When one is planning a Super Bowl get-together, one must give serious consideration to the refreshments. Because really, what is a Super Bowl party without the proper accouterments. Like the Super Bowl itself, watching the game at home should be an “event”. I would be negligent in my duties if I only served chips and dip, and my husband and sons have come to expect more from me as the years go by. Chips and dip are still on the menu, because every sports-loving guy still loves and expects them, but I needed to serve something more substantial but still in the realm of down home comfort food.
Chicken Sliders seemed like the obvious choice, because you can hold them in one hand while your screaming at the tv and holding a beer in the other. I would call this kind of breaded and fried chicken, Chicken Schnitzel or Chicken Milanese. Basically it’s boneless, skinless chicken breast that’s dredged in flour, eggs and panko bread crumbs and then fried. The end result is chicken that’s crispy and crunchy on the outside, and moist and tender on the inside. And, for a little extra added tastiness, I plopped on a dollop of this homemade Herbed Mayo. Yay, score one for Mama!
Chicken Slider with Herbed Mayo
- 1 pound boneless, skinless chicken breast (cut into approx. 2″ x 4″ pieces)
- 1 1/2 cups panko crumbs
- 1 cup all-purpose flour
- 2 eggs, beaten
- 1 tablespoon milk
- vegetable or canola oil for frying
- salt and pepper to taste
- 8 mini slider rolls ( I used King’s Hawaiian Rolls & Rockenwagner’s Mini Pretzel Rolls)
- red onion, thinly sliced
- Roma tomato, thinly sliced
- 1/2 cup mayonnaise
- 1 teaspoon finely minced parsley
- 1 teaspoon finely minced chives
- 1 teaspoon finely minced chervil (optional)
- 1/2 teaspoon mustard (dijon or brown)
- 1 teaspoon lime juice
- salt and pepper to taste
- Rinse chicken under cool water and pat dry. Pounding the chicken breast will enable it to cook through consistently if all slices are of same thickness. Cut the chicken into 2″ x 4″ pieces (approximately). Lightly season the chicken on both sides with salt and pepper.
- Now make yourself a “dredging station”. Take three shallow bowls, and put the panko crumbs in one, the flour, seasoned with salt and pepper, in another, and beat the two eggs with a tablespoon of milk and place in the third bowl. Using tongs (or a fork) dip the chicken into the flour and gently shake off the excess. Next, dip it into the egg mixture on both sides. Last, dip the chicken into the panko crumbs, pressing the crumbs to adhere to the chicken breast. Lay the finished coated pieces on a wax paper covered baking sheet.
- In a large skillet, set over medium heat, pour the vegetable oil about 1/4″ deep. Don’t put the chicken in until the oil is hot enough, but also don’t let the oil get too hot. If the oil is too hot, the outside coating will burn, and the chicken inside will not cook through. Also, do not crowd the pan, make sure there is room in between the chicken pieces. When the chicken is golden brown, remove from the pan and let drain on a paper towel.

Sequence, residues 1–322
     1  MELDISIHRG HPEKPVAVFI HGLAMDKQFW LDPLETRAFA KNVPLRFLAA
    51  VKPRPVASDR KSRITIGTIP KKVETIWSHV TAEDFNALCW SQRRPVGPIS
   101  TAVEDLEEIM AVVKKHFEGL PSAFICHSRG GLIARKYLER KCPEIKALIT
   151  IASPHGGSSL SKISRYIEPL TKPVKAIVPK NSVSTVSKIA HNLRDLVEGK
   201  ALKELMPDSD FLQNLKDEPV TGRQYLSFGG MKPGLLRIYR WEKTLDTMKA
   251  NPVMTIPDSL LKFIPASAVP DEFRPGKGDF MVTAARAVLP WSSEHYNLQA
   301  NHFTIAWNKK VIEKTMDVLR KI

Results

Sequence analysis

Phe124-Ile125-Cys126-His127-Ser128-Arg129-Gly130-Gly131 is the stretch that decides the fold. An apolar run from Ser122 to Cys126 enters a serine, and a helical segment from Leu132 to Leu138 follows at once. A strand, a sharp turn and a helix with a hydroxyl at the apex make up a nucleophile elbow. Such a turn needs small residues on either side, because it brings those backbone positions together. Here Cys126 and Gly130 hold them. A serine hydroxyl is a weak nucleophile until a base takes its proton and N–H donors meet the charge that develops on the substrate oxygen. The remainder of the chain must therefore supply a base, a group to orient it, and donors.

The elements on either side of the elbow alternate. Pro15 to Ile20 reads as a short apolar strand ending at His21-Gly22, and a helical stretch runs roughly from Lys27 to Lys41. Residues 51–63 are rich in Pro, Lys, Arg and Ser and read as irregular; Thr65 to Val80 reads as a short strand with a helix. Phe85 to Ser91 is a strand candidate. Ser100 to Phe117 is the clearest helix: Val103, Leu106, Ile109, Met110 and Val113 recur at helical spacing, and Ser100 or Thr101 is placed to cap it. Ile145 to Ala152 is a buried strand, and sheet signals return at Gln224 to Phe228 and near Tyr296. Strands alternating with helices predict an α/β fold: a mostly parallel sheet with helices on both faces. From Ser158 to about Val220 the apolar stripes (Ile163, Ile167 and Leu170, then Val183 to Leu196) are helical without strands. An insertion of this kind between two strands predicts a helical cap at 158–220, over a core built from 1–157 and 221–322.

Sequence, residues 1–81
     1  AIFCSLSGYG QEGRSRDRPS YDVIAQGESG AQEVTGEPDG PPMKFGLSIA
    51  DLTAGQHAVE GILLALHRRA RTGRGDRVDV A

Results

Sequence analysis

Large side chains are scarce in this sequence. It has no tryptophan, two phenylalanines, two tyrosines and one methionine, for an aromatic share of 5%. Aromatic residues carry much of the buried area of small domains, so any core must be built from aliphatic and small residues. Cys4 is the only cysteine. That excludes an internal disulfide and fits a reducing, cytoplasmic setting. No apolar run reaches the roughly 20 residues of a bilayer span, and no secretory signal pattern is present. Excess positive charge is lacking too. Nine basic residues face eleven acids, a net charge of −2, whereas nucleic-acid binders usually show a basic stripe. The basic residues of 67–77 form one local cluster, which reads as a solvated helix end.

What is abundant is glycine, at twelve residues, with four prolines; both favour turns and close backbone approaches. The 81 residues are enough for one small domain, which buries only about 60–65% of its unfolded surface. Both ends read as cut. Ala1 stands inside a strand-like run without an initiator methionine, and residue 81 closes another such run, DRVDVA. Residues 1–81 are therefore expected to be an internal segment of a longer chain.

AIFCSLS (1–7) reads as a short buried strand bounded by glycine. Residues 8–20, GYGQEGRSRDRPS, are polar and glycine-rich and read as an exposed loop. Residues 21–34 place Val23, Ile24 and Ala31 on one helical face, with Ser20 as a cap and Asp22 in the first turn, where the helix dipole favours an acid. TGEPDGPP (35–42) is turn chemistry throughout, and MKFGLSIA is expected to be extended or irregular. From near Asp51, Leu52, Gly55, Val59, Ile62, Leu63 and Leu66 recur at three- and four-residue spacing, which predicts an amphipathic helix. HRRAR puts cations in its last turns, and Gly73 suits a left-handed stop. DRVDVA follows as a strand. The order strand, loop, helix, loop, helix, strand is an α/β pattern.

- To make the Herbed Mayo: place all the ingredients in a small bowl, and whisk together until smooth. Adjust the salt and pepper to your own taste. Cover bowl and keep it in the fridge until ready to use.
- Just assemble the sandwiches, spread with the Herbed Mayo and enjoy.
Makes 8 Slider Sandwiches
When working with chicken you always have to be concerned about contamination. When I pound my chicken, I cover the bottom surface with plastic wrap, place the chicken on top, then cover the chicken with another sheet of plastic wrap. I never want to get the bacteria on my surfaces or on the rolling pin I’m using to pound the chicken. Always wash your hands after handling chicken and touching something else.
Make sure the chicken is always cooked through (no pink inside) to avoid salmonella poisoning. If your not sure, take a small pairing knife and cut into a piece of chicken just to check the inside.
When frying chicken, try to keep the oil at an even temperature. If it gets too hot and starts to burn, or there’s a lot of burnt pieces of bread crumbs in it, clean the pan and start with new oil. Burned, dirty oil will affect the final taste of the chicken.
If you can’t get panko bread crumbs (usually found in the Asian section of the market) you can use regular bread crumbs. but I find the panko crumbs give the chicken a much crunchier, crispier texture. It’s well worth seeking these crumbs out.
The reason I pound the chicken is that the breasts are naturally thicker in some parts and thinner in others. By pounding it, the breasts are the same thickness at all points and therefore will cook through consistently.